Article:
In the city of Madrin, the Tower of Babel cliché holds particular relevance. The old city—a beautiful array of historic stone houses stacked on a mountain slope in southeast Turkey—is located at the northern edge of Mesopotamia, once the land of Babylon. More than geography, the linguistic panorama of the area evokes the Genesis Babel story, the myth used to explain the variation of human tongues. Mardin is a microcosm of the Ottoman Empire’s ethnic, religious, linguistic and cultural diversity, largely eroded by nationalism’s drive for homogenization. A large Kurdish population lives in Mardin, holding on to their mother tongues despite decades-long Turkish “assimilation” policies. A sizable Arab population lives here too, separated from Arabs in Syria and Iraq after the fall of the Ottoman Empire. Linguists classify their language as “Mesopotamian Arabic,” related to bygone Iraqi dialects. Most Mardinites grow up speaking at least two—sometimes three—languages, learning either Kurdish or Arabic at home, the other on the streets, and Turkish at school. Further adding to the linguistic diversity, there remain several hundred neo-Aramaic speaking Assyrians and even fewer Armenians who once made up the majority of the city’s population; despite their now meager numbers, they attract tourists who come for the locally-produced Assyrian wine and traditional Armenian and Assyrian silver crafts.
Not all is as romantic as it sounds. Syrian, Iraqi and Yazidi refugees have flooded the area recently. The two-year truce between the Turkish government and the Kurdish movements was broken last summer, and tourists are absent from the nicely renovated wine, spice, and silver shops on the old city’s main road. Hidden from view are decaying stone houses, now overcrowded by Syrian refugees who suffer through snowy winters in unheated homes. Most locals live down the hill in New Mardin, a typical-looking modern Turkish town. The Turkish government has been exceedingly generous to refugees—more so than any other country in the area, and certainly more than Europe—but it has not allowed refugees work permits, thereby forcing them into the informal market which pushes down wages for both citizens and refugees, leaving refugees too poor to afford New Mardin prices.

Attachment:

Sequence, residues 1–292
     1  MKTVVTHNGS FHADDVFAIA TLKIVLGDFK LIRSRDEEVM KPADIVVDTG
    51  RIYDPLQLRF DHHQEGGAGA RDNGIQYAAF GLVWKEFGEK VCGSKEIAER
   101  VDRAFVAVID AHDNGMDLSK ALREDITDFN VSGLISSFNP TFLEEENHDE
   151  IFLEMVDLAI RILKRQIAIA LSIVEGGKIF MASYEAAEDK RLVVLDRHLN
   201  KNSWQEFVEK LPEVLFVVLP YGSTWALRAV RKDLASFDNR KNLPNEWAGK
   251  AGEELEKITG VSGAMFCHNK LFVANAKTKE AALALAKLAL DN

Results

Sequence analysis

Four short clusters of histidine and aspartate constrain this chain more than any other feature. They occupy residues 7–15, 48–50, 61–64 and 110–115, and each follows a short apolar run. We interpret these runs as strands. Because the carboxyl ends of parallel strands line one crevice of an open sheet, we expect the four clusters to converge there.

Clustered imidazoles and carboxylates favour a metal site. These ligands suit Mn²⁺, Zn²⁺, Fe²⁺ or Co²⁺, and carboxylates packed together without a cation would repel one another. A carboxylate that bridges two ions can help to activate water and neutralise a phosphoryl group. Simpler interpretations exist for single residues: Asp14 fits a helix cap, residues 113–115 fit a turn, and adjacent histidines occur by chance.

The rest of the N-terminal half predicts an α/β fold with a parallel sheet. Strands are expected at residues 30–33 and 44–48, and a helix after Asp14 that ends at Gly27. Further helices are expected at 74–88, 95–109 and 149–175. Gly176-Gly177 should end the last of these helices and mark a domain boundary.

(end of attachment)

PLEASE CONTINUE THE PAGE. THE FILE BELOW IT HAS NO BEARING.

Unlike most Syrian refugees in Turkey, those in Mardin communicate well with the locals, since many of them come from bordering Kurdish areas in Syria. Even so, the ethnic, religious, and linguistic diversity compounds the challenges of designing good refugee programs. For instance, I recently began running a new project establishing a refugee community center in the old city through one of the only international humanitarian ngos in the area—most organizations have been too wary, or unable to obtain permits, to work in this volatile area. One of our first challenges has been to hire local staff with both professional and linguistic qualifications, which in this area means quadrilingual candidates. Even though it has only been a few months, already the towering Babel has raised exceptional questions: In which language will we hold staff meetings? Or conduct the center’s activities? Turkish excludes the refugees, while Arabic overlooks many local Kurds and Turks. Kurdish—a language shared by most locals and refugees—is, alas, out of the question, banned as a language of instruction in Turkey for nearly a century. Unfortunately, the same diversity that makes Mardin so remarkable also makes it vulnerable to Turkey’s language politics and necessitates creative, sensitive humanitarian programming that can meaningfully serve the diverse refugee and local populations. As more and more countries in Europe receive refugee populations that unsettle ideals of national homogeneity, the challenges faced by local and international actors trying to thoughtfully address Mardin’s mishmash of languages, cultures, and religions may become more relevant elsewhere, and worthy of our attention.
Noga Malkin graduated from MAAS in May 2015, where she focused on refugee studies and gender. She previously worked for UNHCR and Human Rights Watch on refugee and human rights issues. Over the summer of 2014, on a MAAS summer fellowship, she conducted research at a community center for Syrian refugees run by a Turkish humanitarian NGO, and later published her analysis in the Journal of Peacebuilding and Development. Since September 2015, she has been working for humanitarian NGO Welthungerhilfe (World Hunger Aid) in southeast Turkey, leading the establishment of a new refugee community center.